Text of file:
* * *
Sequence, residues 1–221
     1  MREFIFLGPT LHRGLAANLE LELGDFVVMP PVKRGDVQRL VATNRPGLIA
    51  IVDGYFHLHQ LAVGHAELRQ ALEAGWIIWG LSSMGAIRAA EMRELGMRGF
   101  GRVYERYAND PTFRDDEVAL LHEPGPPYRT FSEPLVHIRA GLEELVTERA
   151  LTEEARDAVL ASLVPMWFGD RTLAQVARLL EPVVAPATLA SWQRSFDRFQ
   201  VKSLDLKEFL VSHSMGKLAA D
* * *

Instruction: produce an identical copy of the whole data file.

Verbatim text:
Sequence, residues 1–221
     1  MREFIFLGPT LHRGLAANLE LELGDFVVMP PVKRGDVQRL VATNRPGLIA
    51  IVDGYFHLHQ LAVGHAELRQ ALEAGWIIWG LSSMGAIRAA EMRELGMRGF
   101  GRVYERYAND PTFRDDEVAL LHEPGPPYRT FSEPLVHIRA GLEELVTERA
   151  LTEEARDAVL ASLVPMWFGD RTLAQVARLL EPVVAPATLA SWQRSFDRFQ
   201  VKSLDLKEFL VSHSMGKLAA D